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Individual and gender fingerprints in human body odour

Dustin J. Penn1, Elisabeth Oberzaucher2, Karl Grammer2, Gottfried Fischer3, Helena A. Soini4, Donald Wiesler4, Milos V. Novotny4, Sarah J. Dixon5, Yun Xu5, Richard G. Brereton5

1 Konrad Lorenz Institute for Ethology, Austrian Academy of Sciences, Savoyenstraße 1a, 1160 Vienna, Austria
2 Ludwig Boltzmann Institute for Urban Ethology, Althanstrasse 14, 1090 Vienna, Austria
3 Clinical Department for Blood Group Serology, Medical University of Vienna, Währinger Gürtel 18-20, 1090 Vienna, Austria
4 Institute for Pheromone Research and Department of Chemistry, Indiana University, 800 E Kirkwood Avenue, Bloomington, IN 47405, USA
5 Centre for Chemometrics, School of Chemistry, University of Bristol, Cantocks Close, Bristol BS8 1TS, UK

Journal of the Royal Society Interface, 4(13): 331-340.



Individuals are thought to have their own distinctive scent, analogous to a signature or fingerprint. To test this idea, we collected axillary sweat, urine and saliva from 197 adults from a village in the Austrian Alps, taking five sweat samples per subject over 10 weeks using a novel skin sampling device. We analysed samples using stir bar sorptive extraction in connection with thermal desorption gas chromatograph–mass spectrometry (GC–MS), and then we statistically analysed the chromatographic profiles using pattern recognition techniques. We found more volatile compounds in axillary sweat than in urine or saliva, and among these we found 373 peaks that were consistent over time (detected in four out of five samples per individual). Among these candidate compounds, we found individually distinct and reproducible GC–MS fingerprints, a reproducible difference between the sexes, and we identified the chemical structures of 44 individual and 12 gender-specific volatile compounds. These individual compounds provide candidates for major histocompatibility complex and other genetically determined odours. This is the first study on human axillary odour to sample a large number of subjects, and our findings are relevant to understanding the chemical nature of human odour, and efforts to design electronic sensors (e-nose) for biometric fingerprinting and disease diagnoses.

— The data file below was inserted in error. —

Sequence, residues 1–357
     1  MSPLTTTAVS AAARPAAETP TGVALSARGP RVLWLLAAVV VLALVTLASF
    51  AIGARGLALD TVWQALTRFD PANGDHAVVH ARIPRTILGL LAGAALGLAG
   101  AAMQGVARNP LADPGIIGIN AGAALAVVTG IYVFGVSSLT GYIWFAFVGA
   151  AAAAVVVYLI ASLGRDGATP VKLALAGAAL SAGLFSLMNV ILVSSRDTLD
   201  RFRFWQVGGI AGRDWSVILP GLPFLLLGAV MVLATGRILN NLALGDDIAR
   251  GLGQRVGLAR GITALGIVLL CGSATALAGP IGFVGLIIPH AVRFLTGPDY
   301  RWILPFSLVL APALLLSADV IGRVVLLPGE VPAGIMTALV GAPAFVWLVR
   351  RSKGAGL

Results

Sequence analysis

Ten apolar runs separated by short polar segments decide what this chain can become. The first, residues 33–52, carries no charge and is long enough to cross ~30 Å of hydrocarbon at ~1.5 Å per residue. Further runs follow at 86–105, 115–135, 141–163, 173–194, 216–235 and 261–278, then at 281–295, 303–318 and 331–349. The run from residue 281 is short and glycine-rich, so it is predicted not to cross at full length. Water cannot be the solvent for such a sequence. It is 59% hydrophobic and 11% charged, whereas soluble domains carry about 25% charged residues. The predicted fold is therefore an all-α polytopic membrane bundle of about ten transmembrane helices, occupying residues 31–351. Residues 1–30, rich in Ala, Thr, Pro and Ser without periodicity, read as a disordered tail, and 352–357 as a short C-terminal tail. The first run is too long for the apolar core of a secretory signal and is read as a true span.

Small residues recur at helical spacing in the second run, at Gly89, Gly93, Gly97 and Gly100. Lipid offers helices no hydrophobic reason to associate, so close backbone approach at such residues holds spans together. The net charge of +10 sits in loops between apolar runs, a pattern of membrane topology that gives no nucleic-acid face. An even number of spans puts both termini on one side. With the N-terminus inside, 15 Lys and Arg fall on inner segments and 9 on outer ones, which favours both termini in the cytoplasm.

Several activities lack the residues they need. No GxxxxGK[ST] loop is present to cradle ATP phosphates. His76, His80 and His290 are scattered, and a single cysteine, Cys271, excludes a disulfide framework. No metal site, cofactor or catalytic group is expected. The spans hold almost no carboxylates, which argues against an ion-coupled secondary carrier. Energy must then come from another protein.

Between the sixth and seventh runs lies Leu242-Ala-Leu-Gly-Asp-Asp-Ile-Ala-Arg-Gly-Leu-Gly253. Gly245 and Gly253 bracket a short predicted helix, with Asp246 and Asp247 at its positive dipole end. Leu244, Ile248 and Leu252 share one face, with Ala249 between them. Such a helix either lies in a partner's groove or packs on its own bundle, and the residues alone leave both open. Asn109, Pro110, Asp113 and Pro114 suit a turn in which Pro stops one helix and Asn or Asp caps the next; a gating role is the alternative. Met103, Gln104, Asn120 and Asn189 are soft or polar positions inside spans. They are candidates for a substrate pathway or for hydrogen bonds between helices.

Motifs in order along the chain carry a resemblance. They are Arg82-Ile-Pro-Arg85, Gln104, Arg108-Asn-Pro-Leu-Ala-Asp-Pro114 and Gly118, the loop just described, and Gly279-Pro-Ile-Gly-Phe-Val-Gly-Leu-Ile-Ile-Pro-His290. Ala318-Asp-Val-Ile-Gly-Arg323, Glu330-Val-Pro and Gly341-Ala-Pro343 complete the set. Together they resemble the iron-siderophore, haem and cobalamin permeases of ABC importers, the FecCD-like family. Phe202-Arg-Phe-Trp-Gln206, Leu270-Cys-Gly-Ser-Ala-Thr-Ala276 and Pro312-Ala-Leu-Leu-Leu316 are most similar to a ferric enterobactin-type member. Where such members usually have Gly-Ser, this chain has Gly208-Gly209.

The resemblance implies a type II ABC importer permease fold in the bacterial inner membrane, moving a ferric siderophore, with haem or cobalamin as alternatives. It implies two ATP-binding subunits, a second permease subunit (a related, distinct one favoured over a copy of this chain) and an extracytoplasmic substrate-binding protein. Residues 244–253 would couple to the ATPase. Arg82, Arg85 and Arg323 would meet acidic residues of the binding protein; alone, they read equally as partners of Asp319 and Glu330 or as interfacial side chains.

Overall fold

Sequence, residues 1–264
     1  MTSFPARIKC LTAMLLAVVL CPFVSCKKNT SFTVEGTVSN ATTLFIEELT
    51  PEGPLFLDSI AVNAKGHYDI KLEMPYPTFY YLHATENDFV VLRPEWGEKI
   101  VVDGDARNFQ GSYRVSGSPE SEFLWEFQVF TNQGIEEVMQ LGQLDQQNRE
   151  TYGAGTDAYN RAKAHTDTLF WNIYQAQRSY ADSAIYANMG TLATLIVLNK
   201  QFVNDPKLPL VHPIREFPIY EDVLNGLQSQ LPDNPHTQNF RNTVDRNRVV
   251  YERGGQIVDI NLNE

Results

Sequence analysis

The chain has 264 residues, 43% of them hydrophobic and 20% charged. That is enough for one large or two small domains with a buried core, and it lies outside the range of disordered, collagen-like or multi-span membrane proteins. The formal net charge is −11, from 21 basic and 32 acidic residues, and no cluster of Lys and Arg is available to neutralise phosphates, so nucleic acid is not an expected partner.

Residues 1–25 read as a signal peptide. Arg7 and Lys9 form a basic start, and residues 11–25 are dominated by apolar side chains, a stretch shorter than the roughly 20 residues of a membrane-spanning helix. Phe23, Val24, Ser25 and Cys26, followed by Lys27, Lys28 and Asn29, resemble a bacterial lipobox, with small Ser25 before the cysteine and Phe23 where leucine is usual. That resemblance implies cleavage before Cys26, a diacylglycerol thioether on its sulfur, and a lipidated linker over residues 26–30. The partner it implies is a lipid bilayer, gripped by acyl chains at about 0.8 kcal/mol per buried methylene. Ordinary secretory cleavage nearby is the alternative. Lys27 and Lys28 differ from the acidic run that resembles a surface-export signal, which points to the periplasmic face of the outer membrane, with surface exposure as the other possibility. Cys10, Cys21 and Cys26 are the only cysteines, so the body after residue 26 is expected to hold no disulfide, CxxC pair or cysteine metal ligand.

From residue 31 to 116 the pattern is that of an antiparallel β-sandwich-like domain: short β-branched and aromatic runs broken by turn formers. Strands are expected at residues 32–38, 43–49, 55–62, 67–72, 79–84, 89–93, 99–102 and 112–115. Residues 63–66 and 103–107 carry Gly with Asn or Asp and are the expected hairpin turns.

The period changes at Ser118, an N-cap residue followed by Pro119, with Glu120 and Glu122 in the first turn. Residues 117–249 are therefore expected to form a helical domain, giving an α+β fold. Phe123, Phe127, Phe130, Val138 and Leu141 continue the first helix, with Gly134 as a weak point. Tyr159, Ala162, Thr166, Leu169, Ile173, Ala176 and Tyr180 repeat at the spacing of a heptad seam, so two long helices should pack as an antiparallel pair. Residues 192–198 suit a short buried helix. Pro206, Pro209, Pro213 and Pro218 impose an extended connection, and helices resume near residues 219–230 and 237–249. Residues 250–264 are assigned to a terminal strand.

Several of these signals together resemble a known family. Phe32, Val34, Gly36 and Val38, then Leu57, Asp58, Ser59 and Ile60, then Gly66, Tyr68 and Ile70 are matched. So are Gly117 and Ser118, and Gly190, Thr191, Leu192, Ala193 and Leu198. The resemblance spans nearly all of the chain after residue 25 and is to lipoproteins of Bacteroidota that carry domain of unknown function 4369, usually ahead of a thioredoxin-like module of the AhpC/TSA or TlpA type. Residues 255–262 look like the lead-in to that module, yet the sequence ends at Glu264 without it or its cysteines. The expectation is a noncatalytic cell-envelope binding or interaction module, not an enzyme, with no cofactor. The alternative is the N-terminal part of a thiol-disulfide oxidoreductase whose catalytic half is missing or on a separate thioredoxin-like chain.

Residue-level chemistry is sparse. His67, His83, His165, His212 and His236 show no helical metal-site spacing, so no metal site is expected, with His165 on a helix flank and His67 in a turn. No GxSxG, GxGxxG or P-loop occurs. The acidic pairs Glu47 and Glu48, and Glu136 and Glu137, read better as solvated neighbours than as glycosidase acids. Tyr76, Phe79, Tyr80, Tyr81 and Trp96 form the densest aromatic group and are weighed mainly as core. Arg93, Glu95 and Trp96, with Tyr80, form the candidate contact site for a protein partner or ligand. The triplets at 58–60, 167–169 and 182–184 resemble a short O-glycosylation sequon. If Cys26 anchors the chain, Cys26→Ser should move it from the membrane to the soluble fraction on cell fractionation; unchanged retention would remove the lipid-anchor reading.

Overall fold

Research site in the Austrian alps.


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